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Tax & AccountingOctober 13, 2021

2021 Tax Planning: Tax Benefits of Cost Segregation

By: CCH AnswerConnect Editorial

Taxpayers can expedite depreciation deductions through cost segregation of certain building components.

Business and individual taxpayers that acquire nonresidential real property or residential rental property have an opportunity to reduce the depreciable lives on assets which are building components. Certain assets may qualify for shorter lives and recovery periods under MACRS depreciation. The reduction of the asset lives provides accelerated deductions to offset income.

Planning Opportunities

Many taxpayers mistakenly include the cost of such components in the depreciable basis of the building and the cost is recovered over a longer depreciation period. The characterization of property as personal under local law does not control its characterization as personal property for depreciation and investment credit purposes. Non-residential real property is depreciated over a 39-year life and a residential rental property is depreciated over 27.5-years. Certain building components may qualify for a reduced recovery period over 5-years, 7-years, or 15-years.

Some examples of building components include land improvements or personal property:

  • parking lots, sidewalks, curbs, and roads
  • fences
  • storm sewers
  • landscaping
  • signage
  • lighting
  • security and fire protection systems
  • removable partitions
  • removable carpeting and wall tiling
  • furniture
  • counters
  • appliances and machinery (including machinery foundations) unrelated to the operation and maintenance of the building 
  • the portion of electrical wiring and plumbing properly allocable to machinery and equipment that is unrelated to the operation and maintenance of the building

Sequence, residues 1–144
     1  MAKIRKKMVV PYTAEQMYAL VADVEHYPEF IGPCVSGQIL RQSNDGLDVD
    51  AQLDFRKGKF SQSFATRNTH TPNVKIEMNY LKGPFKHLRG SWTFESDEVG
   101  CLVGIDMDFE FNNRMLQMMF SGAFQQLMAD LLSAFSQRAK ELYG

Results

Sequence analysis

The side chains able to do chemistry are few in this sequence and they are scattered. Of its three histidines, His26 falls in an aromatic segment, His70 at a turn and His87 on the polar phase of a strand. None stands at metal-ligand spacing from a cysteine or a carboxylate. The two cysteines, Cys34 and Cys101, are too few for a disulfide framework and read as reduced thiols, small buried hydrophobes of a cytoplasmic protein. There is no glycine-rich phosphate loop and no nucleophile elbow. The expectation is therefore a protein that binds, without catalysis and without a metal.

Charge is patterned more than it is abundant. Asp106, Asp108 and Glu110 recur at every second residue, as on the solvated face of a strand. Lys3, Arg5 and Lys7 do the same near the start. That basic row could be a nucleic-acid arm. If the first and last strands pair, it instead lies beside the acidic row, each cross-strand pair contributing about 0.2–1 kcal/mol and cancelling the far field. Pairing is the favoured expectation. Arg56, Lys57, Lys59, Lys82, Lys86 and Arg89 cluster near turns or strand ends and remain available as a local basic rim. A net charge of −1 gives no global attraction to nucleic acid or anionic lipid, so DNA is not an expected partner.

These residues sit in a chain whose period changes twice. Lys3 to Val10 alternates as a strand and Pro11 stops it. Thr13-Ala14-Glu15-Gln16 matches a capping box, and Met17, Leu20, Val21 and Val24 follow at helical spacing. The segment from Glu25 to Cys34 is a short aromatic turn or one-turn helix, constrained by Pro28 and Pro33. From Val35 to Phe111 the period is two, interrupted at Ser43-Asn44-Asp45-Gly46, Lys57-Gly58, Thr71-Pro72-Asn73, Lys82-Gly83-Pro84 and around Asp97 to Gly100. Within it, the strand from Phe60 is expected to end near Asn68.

If a building component is not personal property under the former investment tax credit, then it is considered a structural component of the building and, therefore, is property and depreciated as part of the cost of the building over the building's longer recovery period. However, if a structural component is added to an existing building then it is depreciated separately as an addition or improvement. The later added structural component is depreciated using the same method and period that would apply to the building if the building were placed in service at the same time as the structural component.

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Cost Segregation

A taxpayer may engage a specialist to conduct a cost segregation study to identify the separately depreciable components and their depreciable basis. Ideally, a cost segregation study should be conducted prior to the time that a building is placed into service (i.e., when it is under construction or at the time of purchase). However, a cost segregation study can be completed after a building is placed in service. Even if a detailed cost segregation study is impractical, a practitioner should carefully consider whether there are any obvious land improvements and personal property components of a building that can be separately depreciated over a shorter recovery life.


Review the building components below that can be depreciated through cost segregation


Structural Components